Today is October 15th. And tonight, many women around the world will be lighting candles to remember their babies. Today, I’ll be lighting two.
Before having Kennedy and Ellie, I had two miscarriages. I can remember both very vividly and the loss I felt. Our first miscarriage happened when we were visiting the farm for Easter weekend. I remember driving to the hospital in Lloydminster, to “confirm” that I had lost my baby, and Miranda Lambert’s ‘Over You’ was playing on the radio. I put “confirm” in quotations because I knew we had lost our baby. The nurses tried to reassure me that bleeding during pregnancy is common, but I knew.
To be honest, at first, I acted as though everything was fine. No one really knew that I was expecting, so I didn’t have to tell anyone. I went back to work after the weekend and continued on as if nothing had happened. But my mind and my body had other plans. I was presenting to a group of about fifty people, when I had my first panic attack. There really isn’t a good time to have a panic attack, but this was really bad timing! I had no idea what was happening to me. I was shaking and sweating. I felt like I couldn’t breathe. It was my body’s way of telling me to heal, and God’s way of telling me to mourn the loss of my baby. I can be a little bit stubborn, so my anxiety and panic attacks had to worsen before I would listen to my body, to my brain and to God, and take some time off of work to start the healing process.
You see, I am a perfectionist, and losing my baby, was in my mind, a failure. I felt like my body failed me. I wondered if I would ever be able to have children. I wondered what people would think of me when they found out. I blamed myself. Maybe it was something I ate, maybe I worked out too hard, maybe it was an ingredient in my face cream!?
Through a lot of prayer, therapy and with the help of my best friend, Warren, I began to heal. I started to tell a few people what had happened, and Warren did too. And what surprised us both the most was how common miscarriage is. It surprised us that when we shared about our loss, others would share about theirs. I found that sharing about my miscarriage, as well as about the anxiety that resulted, helped me to heal. It is okay if you don’t want to share, but you should definitely not feel as though you can’t, like it is taboo.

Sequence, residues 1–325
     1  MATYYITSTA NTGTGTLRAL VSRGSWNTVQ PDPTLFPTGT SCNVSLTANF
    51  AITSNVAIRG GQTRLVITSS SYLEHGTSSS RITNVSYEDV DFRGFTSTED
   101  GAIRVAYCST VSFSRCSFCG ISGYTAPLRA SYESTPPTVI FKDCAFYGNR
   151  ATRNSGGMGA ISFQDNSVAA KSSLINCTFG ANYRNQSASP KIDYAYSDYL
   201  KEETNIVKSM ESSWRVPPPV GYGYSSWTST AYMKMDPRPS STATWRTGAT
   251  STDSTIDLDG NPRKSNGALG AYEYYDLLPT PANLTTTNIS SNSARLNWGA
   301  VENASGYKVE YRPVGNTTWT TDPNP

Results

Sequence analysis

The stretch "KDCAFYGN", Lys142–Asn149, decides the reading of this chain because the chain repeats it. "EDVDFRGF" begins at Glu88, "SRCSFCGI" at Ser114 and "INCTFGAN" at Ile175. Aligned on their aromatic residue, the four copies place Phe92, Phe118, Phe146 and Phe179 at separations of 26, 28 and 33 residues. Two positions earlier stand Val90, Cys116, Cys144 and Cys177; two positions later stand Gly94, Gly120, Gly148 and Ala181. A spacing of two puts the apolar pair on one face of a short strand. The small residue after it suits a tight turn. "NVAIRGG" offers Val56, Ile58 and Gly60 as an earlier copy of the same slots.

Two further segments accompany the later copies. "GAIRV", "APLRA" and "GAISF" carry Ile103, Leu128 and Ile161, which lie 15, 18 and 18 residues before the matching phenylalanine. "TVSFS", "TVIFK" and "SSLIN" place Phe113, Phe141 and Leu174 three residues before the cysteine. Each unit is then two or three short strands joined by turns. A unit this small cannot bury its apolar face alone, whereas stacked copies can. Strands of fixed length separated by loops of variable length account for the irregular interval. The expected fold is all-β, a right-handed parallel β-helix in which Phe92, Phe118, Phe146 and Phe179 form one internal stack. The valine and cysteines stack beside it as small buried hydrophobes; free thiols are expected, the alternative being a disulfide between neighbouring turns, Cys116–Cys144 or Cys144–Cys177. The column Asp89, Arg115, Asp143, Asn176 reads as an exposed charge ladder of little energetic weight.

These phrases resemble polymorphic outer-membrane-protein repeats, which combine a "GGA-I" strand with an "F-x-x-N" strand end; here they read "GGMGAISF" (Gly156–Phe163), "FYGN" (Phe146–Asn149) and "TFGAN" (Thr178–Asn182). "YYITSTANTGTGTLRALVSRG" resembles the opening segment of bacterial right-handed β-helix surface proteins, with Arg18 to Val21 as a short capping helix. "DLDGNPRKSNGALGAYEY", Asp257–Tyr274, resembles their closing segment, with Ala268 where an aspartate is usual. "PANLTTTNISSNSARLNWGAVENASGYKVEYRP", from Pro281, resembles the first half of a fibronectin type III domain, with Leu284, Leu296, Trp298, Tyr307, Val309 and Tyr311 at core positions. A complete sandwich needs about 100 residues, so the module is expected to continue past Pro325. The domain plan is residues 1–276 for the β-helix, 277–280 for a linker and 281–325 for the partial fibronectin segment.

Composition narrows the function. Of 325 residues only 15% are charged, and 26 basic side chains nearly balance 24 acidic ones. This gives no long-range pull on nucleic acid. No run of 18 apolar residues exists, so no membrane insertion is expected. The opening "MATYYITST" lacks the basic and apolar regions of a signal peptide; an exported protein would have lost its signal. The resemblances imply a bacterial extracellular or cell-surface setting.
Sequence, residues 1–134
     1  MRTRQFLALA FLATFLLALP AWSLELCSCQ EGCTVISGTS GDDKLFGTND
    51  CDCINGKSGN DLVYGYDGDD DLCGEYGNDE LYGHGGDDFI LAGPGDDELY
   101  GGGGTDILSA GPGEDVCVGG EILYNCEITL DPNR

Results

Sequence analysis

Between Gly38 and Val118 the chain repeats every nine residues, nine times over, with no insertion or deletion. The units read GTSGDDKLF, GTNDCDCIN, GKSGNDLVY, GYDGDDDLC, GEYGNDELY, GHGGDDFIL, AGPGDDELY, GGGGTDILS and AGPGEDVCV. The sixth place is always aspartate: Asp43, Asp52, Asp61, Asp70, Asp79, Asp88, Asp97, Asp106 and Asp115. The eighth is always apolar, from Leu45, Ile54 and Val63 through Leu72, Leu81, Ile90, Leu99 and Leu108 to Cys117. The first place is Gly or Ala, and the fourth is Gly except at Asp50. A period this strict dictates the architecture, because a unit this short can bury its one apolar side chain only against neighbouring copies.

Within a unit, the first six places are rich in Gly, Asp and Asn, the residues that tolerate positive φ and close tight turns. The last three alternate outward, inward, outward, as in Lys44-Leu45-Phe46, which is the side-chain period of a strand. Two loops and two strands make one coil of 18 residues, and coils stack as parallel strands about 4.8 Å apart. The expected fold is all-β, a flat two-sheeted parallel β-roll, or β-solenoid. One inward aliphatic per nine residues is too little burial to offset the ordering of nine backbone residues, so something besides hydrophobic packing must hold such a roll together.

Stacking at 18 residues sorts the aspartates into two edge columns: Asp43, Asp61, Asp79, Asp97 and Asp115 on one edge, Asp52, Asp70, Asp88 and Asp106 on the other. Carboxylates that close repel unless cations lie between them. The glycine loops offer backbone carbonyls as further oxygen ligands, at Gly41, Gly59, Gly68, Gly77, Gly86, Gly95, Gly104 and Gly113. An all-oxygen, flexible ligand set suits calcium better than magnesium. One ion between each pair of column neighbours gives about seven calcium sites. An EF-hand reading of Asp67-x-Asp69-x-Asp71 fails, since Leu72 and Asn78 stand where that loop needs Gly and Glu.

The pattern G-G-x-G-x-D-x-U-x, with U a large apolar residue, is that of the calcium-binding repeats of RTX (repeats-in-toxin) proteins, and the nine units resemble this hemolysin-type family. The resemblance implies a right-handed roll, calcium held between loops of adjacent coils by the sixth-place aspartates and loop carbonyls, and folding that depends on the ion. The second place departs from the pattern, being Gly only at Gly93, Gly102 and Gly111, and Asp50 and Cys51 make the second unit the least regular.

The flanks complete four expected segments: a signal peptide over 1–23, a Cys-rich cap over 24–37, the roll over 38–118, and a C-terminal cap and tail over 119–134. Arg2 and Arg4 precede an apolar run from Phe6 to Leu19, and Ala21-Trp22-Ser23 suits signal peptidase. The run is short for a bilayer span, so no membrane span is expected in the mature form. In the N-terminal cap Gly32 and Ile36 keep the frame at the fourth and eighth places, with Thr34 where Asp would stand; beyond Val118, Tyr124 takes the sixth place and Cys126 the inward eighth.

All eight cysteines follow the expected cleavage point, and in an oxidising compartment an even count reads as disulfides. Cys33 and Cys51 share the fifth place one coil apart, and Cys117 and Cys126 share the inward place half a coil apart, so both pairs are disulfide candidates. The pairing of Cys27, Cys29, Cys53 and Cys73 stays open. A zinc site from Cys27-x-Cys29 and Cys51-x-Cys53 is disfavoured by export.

Six months after our first miscarriage, I had another miscarriage. When “they” say 1 in 4, they don’t mean 1 in 4 women suffer the loss of a child, they mean 1 in 4 pregnancies end in the loss of a child. This means that the number of women who have experienced infant loss is likely higher than 1 in 4. It is crazy that before I experienced it myself, I had no idea how many pregnancies ended in loss.
After I lost my second baby I knew that I needed to take time to heal. I also knew that it was nothing that I did that caused my miscarriages. I knew that I couldn’t blame myself. And I know, with all of my heart, that I’ll meet my babies in heaven one day.
So if you’re reading this, and have suffered a miscarriage, know you’re not alone, that it wasn’t because of something you did or didn’t do, and that God has big plans for you.
Tonight, I’m lighting two.